Most of us are consultants so you could theoretically buy our time. But that's in theory. My firm doesn't take one hour jobs. We don't really like to take one day jobs. Our preference for mentoring work is to take a $5000 retainer and let you know when you've used most of it up and need to send more. (We make exceptions for some work that's really technically interesting and fun, but we still need to be confident it will go on for a while.) I expect it's a similar situation for the others. That means we're offering something you otherwise couldn't buy. I want you to keep that in mind, then go bid more (a lot more) than you think an hour of my time is worth. The money goes to those who need it, you get a deduction, and you get some important business problem solved. Can't fail!
I'll post a link to the auction as soon as it's live.
Sunday, 16 January 2005
I have these friends, a married couple who are both paramedics -- the people who show up in an ambulance while the building is still on fire or the bad guy is still maybe inside with a weapon, and help you when you need it most. One works in the Peterborough area where I live, and the other commutes regularly to Toronto. Well this week, he's not in Toronto, he's in Sri Lanka, to help people who most surely need help. They were going to go on vacation somewhere sunny: instead he's gone to help and she's holding down the fort at home. I am so impressed by people like that.
Here's some news coverage from CTV, interviewing three of the four, but not my friend.
Think geeks like you and me can't help? Think again. Look at what Julie has been up to. The same skills we can sell to clients around the world we can also give to aid organizations. Watch this space for my tiny little bit.
Thursday, 23 December 2004
I live in the Canadian countryside, so it snows in the winter and I generally consider that a feature. But we're in the middle of a 12-inches-in-24-hours blizzard right now, with bits of freezing rain mixed in. Take a look at this radar image from the Environment Canada website:
I've never seen the whole circle filled in, and I've never seen orange for snow before. This is really something!
Now I just have to find a way to get to Peterborough for the Gregcons Christmas lunch and a little last minute shopping.
Update: here's the view from my front door:
The horizontallish thing in the foreground is a picnic table... the seats are about knee height from the grass.
Thursday, 25 November 2004
I'll be at the December 2nd meeting of the Canada's Technology Triangle .NET User Group to show everyone Smart Clients, VSTO, and Infopath. I did this session in Winnipeg and saw Derek Hatcher do it in Toronto so I know it has good content. Please register at http://www.cttdnug.org/DesktopDefault.aspx?tabid=68 and come out to the meeting. My only worry, based on the many years I spent living in that area, is that I'll have to drive in a blizzard. But we aren't going to let a little snow stop us, are we?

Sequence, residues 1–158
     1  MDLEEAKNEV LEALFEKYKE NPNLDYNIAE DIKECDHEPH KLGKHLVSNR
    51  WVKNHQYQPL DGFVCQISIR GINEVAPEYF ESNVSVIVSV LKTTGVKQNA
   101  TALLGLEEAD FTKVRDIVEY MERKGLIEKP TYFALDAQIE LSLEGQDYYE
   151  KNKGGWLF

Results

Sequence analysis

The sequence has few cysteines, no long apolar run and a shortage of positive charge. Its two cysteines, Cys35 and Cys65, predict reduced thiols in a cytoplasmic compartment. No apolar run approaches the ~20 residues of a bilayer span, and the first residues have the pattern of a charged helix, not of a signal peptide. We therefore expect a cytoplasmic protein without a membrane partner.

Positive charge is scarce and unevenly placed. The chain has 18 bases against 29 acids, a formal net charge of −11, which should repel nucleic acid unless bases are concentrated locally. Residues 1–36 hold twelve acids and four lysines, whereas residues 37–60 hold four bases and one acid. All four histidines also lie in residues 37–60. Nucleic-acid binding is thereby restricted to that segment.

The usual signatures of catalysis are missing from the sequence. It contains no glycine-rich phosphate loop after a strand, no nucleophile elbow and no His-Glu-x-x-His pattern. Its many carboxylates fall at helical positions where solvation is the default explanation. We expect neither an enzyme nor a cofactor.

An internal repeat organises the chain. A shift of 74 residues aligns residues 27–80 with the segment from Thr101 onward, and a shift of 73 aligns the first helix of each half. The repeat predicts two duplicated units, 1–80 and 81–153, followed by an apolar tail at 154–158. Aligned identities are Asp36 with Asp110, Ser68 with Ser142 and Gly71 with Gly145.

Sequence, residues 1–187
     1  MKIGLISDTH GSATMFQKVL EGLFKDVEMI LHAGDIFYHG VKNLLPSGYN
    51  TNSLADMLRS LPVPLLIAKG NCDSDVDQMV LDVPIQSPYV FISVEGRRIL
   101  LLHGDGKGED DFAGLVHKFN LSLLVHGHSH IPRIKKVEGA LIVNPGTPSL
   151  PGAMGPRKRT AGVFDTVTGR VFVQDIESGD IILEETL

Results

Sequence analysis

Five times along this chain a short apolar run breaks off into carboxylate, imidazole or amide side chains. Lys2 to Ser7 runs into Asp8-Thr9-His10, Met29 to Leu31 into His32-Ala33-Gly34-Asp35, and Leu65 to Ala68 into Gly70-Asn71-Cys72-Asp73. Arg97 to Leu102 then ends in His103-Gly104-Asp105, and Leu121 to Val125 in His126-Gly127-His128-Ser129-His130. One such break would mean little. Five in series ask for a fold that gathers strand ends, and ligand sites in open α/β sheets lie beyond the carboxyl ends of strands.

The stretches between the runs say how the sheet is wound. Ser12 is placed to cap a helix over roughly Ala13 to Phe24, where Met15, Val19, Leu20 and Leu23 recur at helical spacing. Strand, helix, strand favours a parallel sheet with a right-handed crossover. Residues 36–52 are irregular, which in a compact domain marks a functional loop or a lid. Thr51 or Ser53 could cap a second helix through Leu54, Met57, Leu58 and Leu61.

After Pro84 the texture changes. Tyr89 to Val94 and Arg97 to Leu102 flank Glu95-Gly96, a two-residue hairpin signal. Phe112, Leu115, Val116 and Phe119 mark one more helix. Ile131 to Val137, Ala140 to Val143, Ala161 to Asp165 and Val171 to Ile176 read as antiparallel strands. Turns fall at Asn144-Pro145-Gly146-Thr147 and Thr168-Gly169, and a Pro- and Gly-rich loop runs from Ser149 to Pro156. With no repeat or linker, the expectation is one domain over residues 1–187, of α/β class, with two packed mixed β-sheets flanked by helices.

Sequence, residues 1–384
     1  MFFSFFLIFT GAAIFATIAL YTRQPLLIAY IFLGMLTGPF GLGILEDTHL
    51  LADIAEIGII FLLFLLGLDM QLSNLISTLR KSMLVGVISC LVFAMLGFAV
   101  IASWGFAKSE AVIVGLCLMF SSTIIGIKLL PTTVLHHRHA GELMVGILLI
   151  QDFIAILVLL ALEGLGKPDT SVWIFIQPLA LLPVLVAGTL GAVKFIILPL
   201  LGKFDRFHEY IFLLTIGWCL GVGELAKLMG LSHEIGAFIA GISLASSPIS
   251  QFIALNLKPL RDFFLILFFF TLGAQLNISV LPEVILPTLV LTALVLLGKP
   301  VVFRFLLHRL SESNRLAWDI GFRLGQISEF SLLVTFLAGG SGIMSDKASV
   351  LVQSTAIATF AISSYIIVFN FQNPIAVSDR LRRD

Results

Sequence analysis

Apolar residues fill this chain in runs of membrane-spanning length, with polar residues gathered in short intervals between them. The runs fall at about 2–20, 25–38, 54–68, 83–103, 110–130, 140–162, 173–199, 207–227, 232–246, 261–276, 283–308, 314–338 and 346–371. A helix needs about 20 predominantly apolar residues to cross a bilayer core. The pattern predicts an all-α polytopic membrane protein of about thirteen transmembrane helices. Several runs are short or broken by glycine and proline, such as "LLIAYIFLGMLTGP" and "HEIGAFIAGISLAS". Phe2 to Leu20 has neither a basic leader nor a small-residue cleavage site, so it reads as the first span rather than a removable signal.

Tuesday, 02 November 2004
I'm going to kick off the Smart Client User Group Tour with a talk in Winnipeg. I'm expecting a slight contrast between South Africa in late October and Winnipeg in early November . The talk is November 10th, details on the Winnipeg UG site.
Thursday, 30 September 2004
Thursday, 23 September 2004
The INETA Speakers bureau, divided into North American, European, and Latin American bureaus, is a wonderful thing. I'm honoured to be part of it, and to speak at user groups across North America. So far, I've spoken at as many Canadian groups through the bureau as at American ones, but that's a little unusual. Some Canadian groups are still looking for speakers, toplevel exciting great speakers, to come to their meetings. So MSDN Canada is setting up a Canadian equivalent. My Canadian group will now get to pull speakers from two pools -- and I will get invitations from two sets of audiences. That sounds like a great plan!
More details, speaker bios, and so on are at http://msdn.microsoft.com/canada/speakers/. For those old enough to remember Bob and Doug MacKenzie, a themed announcement is available. Most speakers are MVPs and RDs. If you're active in .NET in Canada, you should know these people -- it's like a crash course on the .NET Canadians. (And yes, I know a few Americans have snuck in there. But just the ones we like . )
Wednesday, 18 August 2004
For a long time now, I've been using mapquest.com for maps of places I am going to. I have no real complaints with it, so I haven't been looking to see what else there is. Sure, it's a little annoying that I have to click Maps when I first get there if I want a Canadian map, and then there's a really annoying refresh when you choose Canada and it changes State to Province, which can wipe out everything you typed if you're on a slow line, but those are pretty minor, really.
Last night Dwayne was talking about Mappoint Location Server, which is an enterprise-focused technology for seeing where your people or deliveries or whatnot are, using a map, but of course he showed a lot of Mappoint maps along the way. And you know what? They're nice-looking. Really nice-looking.
So tonight someone phoned me to ask where a particular building was, and said Mapquest couldn't find the address she gave it. (Turned out she was spelling the street incorrectly so no marks off to Mapquest on that.) I tried Mappoint and -wow! These are beautiful maps that get more beautiful as you drill in.